nep-hrm New Economics Papers
on Human Capital and Human Resource Management
Issue of 2020‒04‒13
six papers chosen by
Patrick Kampkötter
Eberhard Karls Universität Tübingen

  1. Does improved information improve incentives? By Chaigneau, Pierre; Edmans, Alex; Gottlieb, Daniel
  2. The effect of ethical responsibility on performance By Stein, Caroline; Untertrifaller, Anna
  3. Paying Outsourced Labor: Direct Evidence from Linked Temp Agency-Worker-Client Data By Drenik, Andres; Jäger, Simon; Plotkin, Pascuel; Schoefer, Benjamin
  4. Behavioral Aspects of Communication in Organizations By Casoria, Fortuna; Riedl, Arno; Werner, Peter
  5. The Gender Pay Gap: Micro Sources and Macro Consequences By Morchio, Iacopo; Moser, Christian
  6. Does Working at a Start-Up Pay Off? By Fackler, Daniel; Hölscher, Lisa; Schnabel, Claus; Weyh, Antje

  1. By: Chaigneau, Pierre; Edmans, Alex; Gottlieb, Daniel
    Abstract: This paper studies the value of more precise signals on agent performance in an optimal contracting model with endogenous effort. With limited liability, the agent's wage is increasing in output only if output exceeds a threshold, else it is zero regardless of output. If the threshold is sufficiently high, the agent only beats it, and is rewarded for increasing output through greater effort, if there is a high noise realization. Thus, a fall in output volatility reduces effort incentives—information and effort are substitutes—offsetting the standard effect that improved information lowers the cost of compensation. We derive conditions relating the incentive effect to the underlying parameters of the agency problem.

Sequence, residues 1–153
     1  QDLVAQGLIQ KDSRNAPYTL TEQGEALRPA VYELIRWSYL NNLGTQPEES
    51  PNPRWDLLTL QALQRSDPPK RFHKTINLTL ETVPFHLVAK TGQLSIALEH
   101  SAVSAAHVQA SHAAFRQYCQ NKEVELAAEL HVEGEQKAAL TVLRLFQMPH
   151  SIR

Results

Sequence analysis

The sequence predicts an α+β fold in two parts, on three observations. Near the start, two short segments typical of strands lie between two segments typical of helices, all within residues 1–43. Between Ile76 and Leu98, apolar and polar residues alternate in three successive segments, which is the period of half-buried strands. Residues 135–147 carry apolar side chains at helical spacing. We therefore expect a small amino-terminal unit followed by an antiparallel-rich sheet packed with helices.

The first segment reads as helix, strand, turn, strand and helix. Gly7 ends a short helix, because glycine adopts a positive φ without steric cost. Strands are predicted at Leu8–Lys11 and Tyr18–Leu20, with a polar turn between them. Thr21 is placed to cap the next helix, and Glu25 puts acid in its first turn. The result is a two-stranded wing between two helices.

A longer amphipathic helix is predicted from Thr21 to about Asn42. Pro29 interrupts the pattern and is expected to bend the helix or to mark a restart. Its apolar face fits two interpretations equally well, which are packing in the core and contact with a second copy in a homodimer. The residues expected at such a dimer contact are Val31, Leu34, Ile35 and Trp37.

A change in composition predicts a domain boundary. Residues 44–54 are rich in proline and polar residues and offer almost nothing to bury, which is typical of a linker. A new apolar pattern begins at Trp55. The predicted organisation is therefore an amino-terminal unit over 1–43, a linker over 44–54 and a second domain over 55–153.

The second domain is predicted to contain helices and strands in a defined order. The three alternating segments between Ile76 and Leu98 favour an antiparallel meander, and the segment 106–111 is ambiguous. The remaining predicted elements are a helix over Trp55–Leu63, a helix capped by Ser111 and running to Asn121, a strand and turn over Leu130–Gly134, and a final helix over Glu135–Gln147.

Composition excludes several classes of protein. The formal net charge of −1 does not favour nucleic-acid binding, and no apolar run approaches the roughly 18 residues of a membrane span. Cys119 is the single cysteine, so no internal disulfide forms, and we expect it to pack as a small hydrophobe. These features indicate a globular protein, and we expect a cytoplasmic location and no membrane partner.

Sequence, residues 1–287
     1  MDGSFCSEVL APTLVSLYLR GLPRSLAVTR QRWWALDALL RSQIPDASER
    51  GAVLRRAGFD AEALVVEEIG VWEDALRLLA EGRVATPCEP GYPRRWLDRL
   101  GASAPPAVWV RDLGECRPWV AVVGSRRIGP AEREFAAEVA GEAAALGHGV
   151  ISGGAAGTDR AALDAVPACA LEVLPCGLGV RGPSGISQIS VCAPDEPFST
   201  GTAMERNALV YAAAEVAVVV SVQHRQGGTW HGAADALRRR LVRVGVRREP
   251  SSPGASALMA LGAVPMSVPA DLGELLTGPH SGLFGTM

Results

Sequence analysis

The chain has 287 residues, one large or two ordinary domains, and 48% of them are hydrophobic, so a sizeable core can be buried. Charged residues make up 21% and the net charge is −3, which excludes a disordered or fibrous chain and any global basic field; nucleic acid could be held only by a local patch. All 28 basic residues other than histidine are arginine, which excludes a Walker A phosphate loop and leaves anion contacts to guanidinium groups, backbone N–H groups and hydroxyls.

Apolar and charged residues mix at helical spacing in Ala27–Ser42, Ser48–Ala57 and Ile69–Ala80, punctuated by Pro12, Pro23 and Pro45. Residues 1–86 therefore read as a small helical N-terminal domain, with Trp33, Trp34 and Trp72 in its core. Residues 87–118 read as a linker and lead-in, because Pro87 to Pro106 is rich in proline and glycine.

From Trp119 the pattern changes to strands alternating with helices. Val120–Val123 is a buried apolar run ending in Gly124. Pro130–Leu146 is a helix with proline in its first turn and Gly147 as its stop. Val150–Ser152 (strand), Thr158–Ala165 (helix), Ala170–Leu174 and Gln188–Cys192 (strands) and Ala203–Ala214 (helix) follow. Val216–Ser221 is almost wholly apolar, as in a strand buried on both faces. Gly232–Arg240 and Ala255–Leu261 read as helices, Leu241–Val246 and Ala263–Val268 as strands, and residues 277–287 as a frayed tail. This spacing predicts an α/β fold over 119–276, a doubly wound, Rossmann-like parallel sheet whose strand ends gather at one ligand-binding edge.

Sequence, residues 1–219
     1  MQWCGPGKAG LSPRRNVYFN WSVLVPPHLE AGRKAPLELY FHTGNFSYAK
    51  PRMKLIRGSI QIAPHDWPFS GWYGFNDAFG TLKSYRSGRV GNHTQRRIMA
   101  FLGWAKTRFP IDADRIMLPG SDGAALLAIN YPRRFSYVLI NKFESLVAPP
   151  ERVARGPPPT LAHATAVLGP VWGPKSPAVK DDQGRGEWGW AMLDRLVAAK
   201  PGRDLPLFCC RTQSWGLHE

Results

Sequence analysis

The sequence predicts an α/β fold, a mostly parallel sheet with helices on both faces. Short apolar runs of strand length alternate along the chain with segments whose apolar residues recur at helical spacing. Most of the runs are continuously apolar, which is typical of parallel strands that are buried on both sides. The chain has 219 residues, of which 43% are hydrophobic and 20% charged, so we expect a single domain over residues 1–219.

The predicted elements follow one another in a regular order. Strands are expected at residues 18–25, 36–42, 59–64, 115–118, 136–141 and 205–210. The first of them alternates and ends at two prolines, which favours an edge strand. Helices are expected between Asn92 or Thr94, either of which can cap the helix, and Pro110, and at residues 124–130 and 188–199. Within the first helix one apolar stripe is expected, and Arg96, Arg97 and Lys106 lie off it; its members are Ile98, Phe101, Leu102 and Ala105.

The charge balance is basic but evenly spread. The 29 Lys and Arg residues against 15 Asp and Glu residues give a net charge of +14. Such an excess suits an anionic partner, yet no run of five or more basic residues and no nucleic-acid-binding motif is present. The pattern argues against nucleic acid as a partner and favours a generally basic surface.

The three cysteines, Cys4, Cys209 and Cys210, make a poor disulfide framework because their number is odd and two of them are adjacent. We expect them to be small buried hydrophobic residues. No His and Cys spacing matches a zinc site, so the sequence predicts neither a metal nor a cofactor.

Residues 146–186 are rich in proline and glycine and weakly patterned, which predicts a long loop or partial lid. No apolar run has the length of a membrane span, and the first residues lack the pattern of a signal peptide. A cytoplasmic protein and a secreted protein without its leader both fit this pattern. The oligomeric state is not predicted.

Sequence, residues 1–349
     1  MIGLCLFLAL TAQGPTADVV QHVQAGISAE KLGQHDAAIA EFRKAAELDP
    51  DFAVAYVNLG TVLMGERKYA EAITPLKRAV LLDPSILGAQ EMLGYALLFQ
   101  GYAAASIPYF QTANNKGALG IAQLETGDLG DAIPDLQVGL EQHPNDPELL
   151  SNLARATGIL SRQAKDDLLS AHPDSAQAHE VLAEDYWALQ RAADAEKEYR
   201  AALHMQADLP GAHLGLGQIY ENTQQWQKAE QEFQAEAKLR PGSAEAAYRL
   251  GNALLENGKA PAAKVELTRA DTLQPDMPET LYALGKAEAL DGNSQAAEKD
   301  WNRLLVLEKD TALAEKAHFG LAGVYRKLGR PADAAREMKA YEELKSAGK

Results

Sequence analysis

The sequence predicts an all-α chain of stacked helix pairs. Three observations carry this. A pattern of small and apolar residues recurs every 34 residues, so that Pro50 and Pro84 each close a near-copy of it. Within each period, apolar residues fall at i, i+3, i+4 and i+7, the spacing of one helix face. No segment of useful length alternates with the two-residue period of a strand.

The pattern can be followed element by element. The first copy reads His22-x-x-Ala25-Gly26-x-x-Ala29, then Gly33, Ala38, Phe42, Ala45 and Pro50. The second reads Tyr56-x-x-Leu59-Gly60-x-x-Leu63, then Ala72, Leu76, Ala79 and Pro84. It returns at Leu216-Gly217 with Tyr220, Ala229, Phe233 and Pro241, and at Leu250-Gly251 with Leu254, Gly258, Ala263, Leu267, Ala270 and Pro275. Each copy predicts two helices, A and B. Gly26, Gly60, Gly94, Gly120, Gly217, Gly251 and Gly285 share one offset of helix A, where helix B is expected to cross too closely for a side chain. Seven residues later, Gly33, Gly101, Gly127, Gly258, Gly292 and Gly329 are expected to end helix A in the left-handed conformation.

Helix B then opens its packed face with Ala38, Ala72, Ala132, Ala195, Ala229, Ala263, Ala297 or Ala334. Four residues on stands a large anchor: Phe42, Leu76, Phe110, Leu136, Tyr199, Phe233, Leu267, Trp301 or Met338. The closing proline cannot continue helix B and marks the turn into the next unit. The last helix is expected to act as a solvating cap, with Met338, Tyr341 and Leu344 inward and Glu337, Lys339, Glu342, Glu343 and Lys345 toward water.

Keywords: executive compensation; limited liability; options; relative performance evaluation; risk management
    JEL: D86 G32 G34 J33
    Date: 2018–11–01
  2. By: Stein, Caroline; Untertrifaller, Anna
    Abstract: In a laboratory real-effort experiment, we study the effect of responsibility on performance. Specifically, we analyze whether being responsible for an ethical or unethical work environment affects workers’ performance. Using a specific randomization technique, we can separate the responsibility effect from a possible selection effect. We find that workers who prefer to work in an ethical work environment perform better if they are also responsible for it, compared to a situation where it was imposed on them. We do not find this positive incentive effect of responsibility for workers that prefer an unethical work environment. Moreover, we observe that if an unethical environment was imposed, workers who prefer an ethical environment perform worse than those whose preference are aligned with the environment.
    Keywords: real-effort experiment, responsibility, decision rights, incentive, ethical behavior
    JEL: C91 M59
    Date: 2020–03
  3. By: Drenik, Andres (Columbia University); Jäger, Simon (Massachusetts Institute of Technology); Plotkin, Pascuel (University of British Columbia); Schoefer, Benjamin (University of California, Berkeley)
    Abstract: We estimate how much firms differentiate pay premia between regular and outsourced workers. We study temp agency work arrangements where pay setting has previously escaped measurement because existing datasets do not report links between user firms (the workplaces where temp workers perform their labor) and temp agencies (their formal employers). We overcome this measurement challenge by leveraging unique administrative data from Argentina with such links. We estimate that temp agency workers receive 49% of theworkplace-specific pay premia earned by regularworkers in user firms: the midpoint between the benchmark for insiders (one) and the competitive spot-labor market benchmark (zero).